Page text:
Presidential contender Tim Pawlenty, negotiating the thorny thicket of the budget impasse in Washington, has come out against House Speaker John Boehner’s latest plan for at least $1.2 trillion in discretionary spending cuts in exchange for raising the nation’s debt limit.
On the debt ceiling debate, this appears to put the former Minnesota governor closer to the Tea Party side of the GOP spectrum, which may win him more friends among Republicans in Iowa than in Washington.
Pawlenty, like U.S. Rep. Michele Bachmann, his Minnesota rival in the GOP nominating contest, has been stumping against an increase in the debt limit. Both are pushing instead for a plan to avoid default only by assuring that bondholders and members of the military continue to get paid after the Aug. 2 deadline the White House has set for an agreement.
"President Obama has run up a dangerous amount of debt since taking office,” Pawlenty said in a statement Tuesday that both praises and differs with the Republican House Speaker from Ohio.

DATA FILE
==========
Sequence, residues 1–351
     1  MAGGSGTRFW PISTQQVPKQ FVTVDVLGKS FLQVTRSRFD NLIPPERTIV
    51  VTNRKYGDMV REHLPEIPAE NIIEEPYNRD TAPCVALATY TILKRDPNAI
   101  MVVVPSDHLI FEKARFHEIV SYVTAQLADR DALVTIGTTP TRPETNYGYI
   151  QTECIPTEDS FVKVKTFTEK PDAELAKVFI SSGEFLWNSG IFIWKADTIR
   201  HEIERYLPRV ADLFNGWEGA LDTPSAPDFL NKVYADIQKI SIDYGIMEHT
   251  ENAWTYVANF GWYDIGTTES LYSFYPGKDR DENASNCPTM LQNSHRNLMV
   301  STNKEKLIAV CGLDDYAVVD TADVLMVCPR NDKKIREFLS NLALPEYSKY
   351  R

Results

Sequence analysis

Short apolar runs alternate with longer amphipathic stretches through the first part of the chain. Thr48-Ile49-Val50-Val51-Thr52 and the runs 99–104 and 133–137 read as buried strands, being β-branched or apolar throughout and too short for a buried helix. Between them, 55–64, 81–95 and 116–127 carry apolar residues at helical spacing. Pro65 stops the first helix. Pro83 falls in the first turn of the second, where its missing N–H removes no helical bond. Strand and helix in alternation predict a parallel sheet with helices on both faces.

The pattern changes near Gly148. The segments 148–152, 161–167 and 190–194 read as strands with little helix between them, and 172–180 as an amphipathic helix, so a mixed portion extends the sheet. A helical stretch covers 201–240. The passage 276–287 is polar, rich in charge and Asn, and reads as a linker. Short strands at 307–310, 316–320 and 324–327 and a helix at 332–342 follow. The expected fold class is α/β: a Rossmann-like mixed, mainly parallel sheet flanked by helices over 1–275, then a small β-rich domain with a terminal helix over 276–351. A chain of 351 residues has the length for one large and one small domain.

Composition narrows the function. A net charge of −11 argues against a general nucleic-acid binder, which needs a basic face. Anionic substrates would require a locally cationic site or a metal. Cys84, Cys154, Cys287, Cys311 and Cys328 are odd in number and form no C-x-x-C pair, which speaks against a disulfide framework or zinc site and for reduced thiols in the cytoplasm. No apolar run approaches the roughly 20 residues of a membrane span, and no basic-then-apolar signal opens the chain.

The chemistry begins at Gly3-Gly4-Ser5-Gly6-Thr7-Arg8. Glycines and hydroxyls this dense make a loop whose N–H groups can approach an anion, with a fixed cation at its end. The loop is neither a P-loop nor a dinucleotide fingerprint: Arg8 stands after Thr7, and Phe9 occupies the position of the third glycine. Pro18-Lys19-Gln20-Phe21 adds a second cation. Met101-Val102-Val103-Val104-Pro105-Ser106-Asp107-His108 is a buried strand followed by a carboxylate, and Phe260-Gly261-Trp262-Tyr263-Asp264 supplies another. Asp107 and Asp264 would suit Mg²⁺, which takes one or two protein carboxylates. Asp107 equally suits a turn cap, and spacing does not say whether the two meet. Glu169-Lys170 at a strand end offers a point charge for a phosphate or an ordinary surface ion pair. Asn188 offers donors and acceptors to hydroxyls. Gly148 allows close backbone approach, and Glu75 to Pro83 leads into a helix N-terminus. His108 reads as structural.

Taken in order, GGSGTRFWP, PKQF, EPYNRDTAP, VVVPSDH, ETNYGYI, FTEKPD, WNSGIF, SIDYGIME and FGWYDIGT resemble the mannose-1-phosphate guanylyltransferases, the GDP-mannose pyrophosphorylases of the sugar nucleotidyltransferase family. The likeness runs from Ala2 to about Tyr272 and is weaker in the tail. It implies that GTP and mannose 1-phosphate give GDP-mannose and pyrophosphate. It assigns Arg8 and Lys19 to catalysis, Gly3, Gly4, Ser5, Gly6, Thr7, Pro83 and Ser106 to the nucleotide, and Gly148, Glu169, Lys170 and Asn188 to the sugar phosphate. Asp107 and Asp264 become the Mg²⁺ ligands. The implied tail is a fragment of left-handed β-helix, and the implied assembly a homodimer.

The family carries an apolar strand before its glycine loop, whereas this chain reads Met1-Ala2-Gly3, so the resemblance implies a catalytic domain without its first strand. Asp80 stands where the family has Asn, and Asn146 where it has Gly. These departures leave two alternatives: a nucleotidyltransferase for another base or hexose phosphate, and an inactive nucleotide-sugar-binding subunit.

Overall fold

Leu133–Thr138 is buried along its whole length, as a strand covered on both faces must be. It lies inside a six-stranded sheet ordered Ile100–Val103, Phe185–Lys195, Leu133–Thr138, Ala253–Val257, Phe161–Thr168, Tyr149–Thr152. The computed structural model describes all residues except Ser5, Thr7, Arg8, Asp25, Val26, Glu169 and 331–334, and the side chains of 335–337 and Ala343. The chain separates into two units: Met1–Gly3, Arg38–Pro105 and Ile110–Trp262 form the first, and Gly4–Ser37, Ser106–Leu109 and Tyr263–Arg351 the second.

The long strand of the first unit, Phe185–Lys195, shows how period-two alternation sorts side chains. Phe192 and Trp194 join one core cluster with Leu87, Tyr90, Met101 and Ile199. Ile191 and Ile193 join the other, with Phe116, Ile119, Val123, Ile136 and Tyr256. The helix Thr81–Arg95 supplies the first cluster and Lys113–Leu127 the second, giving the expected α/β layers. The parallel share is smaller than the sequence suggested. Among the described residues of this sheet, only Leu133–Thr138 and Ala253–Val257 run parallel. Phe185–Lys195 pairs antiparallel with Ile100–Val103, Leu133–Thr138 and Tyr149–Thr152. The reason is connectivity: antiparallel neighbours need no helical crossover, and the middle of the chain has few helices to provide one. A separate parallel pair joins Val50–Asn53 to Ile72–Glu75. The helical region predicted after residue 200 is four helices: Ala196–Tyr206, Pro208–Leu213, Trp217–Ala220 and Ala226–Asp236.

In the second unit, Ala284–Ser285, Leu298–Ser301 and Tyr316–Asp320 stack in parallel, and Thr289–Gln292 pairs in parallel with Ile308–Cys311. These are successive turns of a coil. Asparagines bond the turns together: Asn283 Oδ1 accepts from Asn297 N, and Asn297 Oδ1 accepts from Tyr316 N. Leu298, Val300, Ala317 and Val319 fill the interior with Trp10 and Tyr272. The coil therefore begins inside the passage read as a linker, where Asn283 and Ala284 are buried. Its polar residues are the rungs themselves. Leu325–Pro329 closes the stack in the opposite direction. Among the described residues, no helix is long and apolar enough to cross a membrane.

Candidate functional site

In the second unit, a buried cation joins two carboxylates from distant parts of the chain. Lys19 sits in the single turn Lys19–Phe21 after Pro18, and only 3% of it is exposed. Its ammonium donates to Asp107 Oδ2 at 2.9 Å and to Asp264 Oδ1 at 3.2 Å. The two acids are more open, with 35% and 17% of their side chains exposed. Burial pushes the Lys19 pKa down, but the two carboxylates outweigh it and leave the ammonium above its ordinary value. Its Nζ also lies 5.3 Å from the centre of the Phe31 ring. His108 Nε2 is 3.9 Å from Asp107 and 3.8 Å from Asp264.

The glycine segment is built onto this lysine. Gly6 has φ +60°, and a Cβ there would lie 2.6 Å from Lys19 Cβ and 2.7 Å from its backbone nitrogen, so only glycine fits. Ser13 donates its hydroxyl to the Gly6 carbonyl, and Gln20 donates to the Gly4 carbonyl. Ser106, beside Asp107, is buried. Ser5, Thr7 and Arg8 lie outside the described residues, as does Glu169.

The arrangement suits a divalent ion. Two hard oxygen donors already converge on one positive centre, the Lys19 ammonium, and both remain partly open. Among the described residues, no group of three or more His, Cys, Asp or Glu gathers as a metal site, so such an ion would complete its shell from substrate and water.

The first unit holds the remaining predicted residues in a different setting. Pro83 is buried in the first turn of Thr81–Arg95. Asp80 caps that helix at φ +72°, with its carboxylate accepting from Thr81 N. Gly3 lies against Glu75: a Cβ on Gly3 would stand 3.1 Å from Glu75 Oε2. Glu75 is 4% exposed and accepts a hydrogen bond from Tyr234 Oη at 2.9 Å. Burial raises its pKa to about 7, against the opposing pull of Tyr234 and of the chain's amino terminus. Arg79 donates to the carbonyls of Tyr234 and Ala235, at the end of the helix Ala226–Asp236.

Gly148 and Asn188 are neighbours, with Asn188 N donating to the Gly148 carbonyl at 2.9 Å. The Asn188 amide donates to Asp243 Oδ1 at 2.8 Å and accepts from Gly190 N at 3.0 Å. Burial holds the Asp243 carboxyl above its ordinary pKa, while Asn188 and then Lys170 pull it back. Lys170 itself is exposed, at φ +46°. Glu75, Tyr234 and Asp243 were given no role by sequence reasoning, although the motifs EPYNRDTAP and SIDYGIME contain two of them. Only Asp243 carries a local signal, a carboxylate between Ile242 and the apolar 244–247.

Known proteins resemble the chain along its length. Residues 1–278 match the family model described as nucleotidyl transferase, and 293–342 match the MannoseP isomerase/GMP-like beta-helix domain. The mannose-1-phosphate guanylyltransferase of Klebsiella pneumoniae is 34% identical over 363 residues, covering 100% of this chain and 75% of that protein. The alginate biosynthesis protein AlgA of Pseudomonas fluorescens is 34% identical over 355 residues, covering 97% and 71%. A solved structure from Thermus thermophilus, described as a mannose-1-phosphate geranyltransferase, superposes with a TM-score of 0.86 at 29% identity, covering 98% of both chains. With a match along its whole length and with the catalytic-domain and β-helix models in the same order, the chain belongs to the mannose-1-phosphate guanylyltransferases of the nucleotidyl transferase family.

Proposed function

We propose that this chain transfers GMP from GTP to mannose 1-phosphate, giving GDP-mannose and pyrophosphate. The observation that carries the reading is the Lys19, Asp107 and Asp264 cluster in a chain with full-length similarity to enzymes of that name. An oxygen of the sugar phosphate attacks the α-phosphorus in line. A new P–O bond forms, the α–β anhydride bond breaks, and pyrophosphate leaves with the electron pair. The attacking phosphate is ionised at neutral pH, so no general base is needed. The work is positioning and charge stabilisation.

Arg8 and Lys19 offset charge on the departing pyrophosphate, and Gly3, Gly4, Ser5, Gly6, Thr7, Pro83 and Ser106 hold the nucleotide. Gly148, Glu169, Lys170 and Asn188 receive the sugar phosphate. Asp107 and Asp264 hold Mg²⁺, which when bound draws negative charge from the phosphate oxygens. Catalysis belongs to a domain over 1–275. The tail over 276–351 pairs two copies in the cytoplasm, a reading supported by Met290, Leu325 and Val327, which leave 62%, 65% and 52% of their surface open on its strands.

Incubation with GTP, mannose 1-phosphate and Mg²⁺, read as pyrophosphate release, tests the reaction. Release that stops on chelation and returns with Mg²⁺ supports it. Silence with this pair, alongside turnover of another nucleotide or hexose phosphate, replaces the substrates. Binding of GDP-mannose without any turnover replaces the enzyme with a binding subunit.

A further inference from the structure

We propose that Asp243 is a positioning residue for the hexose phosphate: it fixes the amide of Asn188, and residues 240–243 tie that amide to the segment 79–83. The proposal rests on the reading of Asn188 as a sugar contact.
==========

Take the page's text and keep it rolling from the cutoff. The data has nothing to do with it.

“I greatly appreciate Speaker Boehner for courageously leading the fight to stop (Obama) from running up even more,” Pawlenty continued. “Speaker Boehner has now put forth two plans; that would be exactly two plans more than what the President has offered.”
Pawlenty’s lead, however, is buried in the last sentence of his statement:
“The debt limit is a line in the sand where Republicans can force the tough decisions to fix our nation's finances, and taxpayers cannot afford for us to back down now. I am for the plan that will cut spending, cap it, and pass a balanced budget amendment, but unfortunately this latest bill does not accomplish that."
Gov. Mark Dayton, speaking to a mostly Republican audience at the annual Minnesota Business Partnership dinner, repeated his familiar attack on the House GOP, blaming them for a legislative impasse on transportation.
In a relentlessly antagonistic debate, Clinton denounced Trump for keeping his business dealings secret and peddling a "racist lie" about Obama. He cast her as a "typical politician" as he sought to capitalize on Americans' frustration.
It might have been the most watched political debate in history, and the emerging consensus is that Hillary Clinton prevailed over Donald Trump. But the record of post-debate polling suggests that a victory might not matter.